To save content items to your account,
please confirm that you agree to abide by our usage policies.
If this is the first time you use this feature, you will be asked to authorise Cambridge Core to connect with your account.
Find out more about saving content to .
To save content items to your Kindle, first ensure firstname.lastname@example.org
is added to your Approved Personal Document E-mail List under your Personal Document Settings
on the Manage Your Content and Devices page of your Amazon account. Then enter the ‘name’ part
of your Kindle email address below.
Find out more about saving to your Kindle.
Note you can select to save to either the @free.kindle.com or @kindle.com variations.
‘@free.kindle.com’ emails are free but can only be saved to your device when it is connected to wi-fi.
‘@kindle.com’ emails can be delivered even when you are not connected to wi-fi, but note that service fees apply.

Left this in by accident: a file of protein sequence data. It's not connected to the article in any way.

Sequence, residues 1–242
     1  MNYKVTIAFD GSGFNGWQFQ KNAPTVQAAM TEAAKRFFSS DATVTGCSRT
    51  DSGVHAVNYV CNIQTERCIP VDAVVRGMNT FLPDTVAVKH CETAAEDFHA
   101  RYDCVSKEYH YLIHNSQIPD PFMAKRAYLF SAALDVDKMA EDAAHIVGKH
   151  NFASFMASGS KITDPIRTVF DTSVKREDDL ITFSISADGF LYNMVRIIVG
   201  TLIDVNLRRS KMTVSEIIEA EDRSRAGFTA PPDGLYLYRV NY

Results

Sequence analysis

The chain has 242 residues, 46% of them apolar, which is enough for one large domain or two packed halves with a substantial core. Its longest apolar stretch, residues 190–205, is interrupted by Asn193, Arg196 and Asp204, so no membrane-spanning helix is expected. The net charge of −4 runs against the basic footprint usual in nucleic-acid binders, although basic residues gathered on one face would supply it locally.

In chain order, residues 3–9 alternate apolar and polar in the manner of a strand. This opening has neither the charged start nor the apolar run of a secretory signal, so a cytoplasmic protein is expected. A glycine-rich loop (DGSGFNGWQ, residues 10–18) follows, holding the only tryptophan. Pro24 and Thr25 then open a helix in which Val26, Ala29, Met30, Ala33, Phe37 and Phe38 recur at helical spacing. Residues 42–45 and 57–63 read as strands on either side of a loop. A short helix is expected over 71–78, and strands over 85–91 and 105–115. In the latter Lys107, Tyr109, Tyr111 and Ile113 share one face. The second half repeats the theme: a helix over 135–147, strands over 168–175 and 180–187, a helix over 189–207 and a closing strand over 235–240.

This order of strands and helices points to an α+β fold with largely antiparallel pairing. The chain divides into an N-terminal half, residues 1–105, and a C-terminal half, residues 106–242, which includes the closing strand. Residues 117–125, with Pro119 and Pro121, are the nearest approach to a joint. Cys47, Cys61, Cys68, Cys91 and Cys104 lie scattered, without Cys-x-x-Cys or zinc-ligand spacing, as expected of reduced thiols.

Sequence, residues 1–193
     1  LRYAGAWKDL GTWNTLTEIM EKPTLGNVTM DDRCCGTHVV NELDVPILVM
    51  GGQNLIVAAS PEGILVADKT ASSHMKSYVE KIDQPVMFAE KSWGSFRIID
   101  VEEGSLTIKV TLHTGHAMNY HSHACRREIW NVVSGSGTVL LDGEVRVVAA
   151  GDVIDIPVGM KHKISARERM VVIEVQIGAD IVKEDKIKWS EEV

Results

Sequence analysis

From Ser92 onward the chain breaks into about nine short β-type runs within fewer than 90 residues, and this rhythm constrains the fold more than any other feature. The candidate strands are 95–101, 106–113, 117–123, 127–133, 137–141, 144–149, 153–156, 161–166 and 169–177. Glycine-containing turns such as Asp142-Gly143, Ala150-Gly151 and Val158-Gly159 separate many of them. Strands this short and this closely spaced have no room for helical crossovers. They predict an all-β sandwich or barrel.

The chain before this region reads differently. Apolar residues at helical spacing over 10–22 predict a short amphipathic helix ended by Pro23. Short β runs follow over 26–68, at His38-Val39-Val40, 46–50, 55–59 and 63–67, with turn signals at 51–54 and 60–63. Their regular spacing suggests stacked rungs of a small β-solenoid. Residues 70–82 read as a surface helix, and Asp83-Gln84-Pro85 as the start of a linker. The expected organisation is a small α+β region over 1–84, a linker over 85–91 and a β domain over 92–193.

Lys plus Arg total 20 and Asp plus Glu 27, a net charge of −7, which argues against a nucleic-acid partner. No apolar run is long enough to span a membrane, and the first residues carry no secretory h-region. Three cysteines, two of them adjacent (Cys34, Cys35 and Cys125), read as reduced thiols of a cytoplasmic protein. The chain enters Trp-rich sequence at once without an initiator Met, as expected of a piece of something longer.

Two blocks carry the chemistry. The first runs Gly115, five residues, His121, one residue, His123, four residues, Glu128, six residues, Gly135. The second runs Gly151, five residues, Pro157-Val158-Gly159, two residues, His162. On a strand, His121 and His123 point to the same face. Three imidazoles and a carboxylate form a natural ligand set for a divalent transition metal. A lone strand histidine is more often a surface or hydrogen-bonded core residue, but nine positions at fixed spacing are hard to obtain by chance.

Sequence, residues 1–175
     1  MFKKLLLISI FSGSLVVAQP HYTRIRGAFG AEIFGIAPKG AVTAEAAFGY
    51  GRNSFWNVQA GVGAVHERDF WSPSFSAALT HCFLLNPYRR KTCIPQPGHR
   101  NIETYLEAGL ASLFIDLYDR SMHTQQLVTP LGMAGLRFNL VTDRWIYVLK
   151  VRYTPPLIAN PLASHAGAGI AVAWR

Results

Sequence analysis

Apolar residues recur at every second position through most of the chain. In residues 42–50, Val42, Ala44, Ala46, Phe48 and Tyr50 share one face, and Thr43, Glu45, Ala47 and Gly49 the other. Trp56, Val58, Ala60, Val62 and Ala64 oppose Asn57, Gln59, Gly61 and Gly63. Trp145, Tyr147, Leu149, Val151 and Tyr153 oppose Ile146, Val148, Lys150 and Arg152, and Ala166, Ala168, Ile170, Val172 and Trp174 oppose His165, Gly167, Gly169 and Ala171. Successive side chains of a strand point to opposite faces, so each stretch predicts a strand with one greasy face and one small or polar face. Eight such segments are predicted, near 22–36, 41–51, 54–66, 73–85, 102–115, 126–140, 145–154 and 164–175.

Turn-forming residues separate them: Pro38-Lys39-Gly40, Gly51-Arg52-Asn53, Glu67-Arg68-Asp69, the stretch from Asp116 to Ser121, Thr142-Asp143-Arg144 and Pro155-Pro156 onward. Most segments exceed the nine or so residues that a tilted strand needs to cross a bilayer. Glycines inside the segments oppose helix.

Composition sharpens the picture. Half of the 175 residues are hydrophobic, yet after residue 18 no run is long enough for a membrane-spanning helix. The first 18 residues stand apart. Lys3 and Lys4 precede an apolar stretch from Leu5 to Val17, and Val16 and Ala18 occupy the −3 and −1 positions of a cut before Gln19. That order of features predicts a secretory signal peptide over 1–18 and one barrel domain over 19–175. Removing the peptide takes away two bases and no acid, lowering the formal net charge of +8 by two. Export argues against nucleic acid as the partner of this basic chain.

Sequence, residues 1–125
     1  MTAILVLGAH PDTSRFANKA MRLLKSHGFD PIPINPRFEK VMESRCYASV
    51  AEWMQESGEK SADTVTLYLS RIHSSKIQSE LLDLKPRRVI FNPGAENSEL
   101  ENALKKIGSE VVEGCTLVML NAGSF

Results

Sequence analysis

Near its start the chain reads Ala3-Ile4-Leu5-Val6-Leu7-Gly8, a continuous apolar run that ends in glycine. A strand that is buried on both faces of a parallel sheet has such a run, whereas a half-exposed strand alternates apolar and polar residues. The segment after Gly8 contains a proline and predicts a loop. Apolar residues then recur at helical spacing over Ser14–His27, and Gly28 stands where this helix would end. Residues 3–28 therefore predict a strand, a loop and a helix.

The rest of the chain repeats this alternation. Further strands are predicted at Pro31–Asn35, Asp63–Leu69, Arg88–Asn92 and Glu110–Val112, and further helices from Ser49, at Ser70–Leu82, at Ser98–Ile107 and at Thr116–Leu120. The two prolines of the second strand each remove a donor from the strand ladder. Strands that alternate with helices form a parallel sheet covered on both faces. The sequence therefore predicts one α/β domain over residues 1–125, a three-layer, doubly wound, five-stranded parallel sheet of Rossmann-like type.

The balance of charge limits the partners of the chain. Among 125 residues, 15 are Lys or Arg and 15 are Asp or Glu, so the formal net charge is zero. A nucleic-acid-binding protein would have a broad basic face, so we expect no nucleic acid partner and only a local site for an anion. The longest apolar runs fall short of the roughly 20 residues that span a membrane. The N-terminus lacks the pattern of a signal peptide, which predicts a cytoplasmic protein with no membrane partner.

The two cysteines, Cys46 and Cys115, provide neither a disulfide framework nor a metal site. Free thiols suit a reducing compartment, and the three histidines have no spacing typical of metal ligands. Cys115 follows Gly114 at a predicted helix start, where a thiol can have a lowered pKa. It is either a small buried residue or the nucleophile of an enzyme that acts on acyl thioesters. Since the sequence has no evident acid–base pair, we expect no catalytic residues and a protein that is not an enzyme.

Background: Previously, we reported decreasing postadmission urine-culture rates in hospitalized patients between 2012 and 2017, indicating a possible decrease in hospital-onset urinary tract infections or changes in diagnostic practices in acute-care hospitals (ACHs). In this study, we re-evaluated the trends using more recent data from 2017–2020 to assess whether new trends in hospital urine-culturing practices had emerged. Method: We conducted a longitudinal analysis of monthly urine-culture rates using microbiology data from 355 ACHs participating in the Premier Healthcare Database in 2017–2020. All cultures from the urinary tract collected on or before day 3 were defined as admission urine cultures and those collected on day 4 or later were defined as postadmission urine cultures. We included discharges from months where a hospital reported at least 1 urine culture with microbiology and antimicrobial susceptibility test results. Annual estimates of rates of admission culture and postadmission urine-culture rates were assessed using general estimating equation models with a negative binomial distribution accounting for hospital-level clustering and adjusting for hospital bed size, teaching status, urban–rural designation, discharge month, and census division. Estimated rate for each year (2018, 2019, and 2020) was compared to previous year’s estimated rate using rate ratios (RRs) and 95% confidence intervals (CIs) generated through the multivariable GEE models. Results: From 2017 to 2020, we included 8.7 million discharges and 1,943,540 urine cultures, of which 299,013 (15.4%) were postadmission urine cultures. In 2017–2020, unadjusted admission culture rates were 20.0, 19.6, 17.9, and 18.2 per 100 discharges respectively; similarly, unadjusted postadmission urine-culture rates were 8.6, 7.8, 7.0, and 7.5 per 1,000 patient days. In the multivariable analysis, adjusting for hospital characteristics, no significant changes in admission urine-culture rates were detected during 2017–2019; however, in 2020, admission urine-culture rates increased 6% compared to 2019 (RR, 1.06; 95% CI, 1.02–1.09) (Fig. 1). Postadmission urine-culture rates decreased 4% in 2018 compared to 2017 (RR, 0.96; 95% CI, 0.91–0.99) and 8% in 2019 compared to 2018 (RR, 0.92; 95% CI, 0.87–0.96). In 2020, postadmission urine-culture rates increased 10% compared to 2019 (RR, 1.10; 95% CI, 1.06–1.14) (Fig. 2). Factors significantly associated with postadmission urine-culture rates included discharge month and hospital bed size. For admission urine cultures, discharge month was the only significant factor. Conclusions: Between 2017–2019, postadmission urine-culture rates continued a decreasing trend, while admission culture rates remained unchanged. However, in 2020 both admission and postadmission urine culture rates increased significantly in comparison to 2019.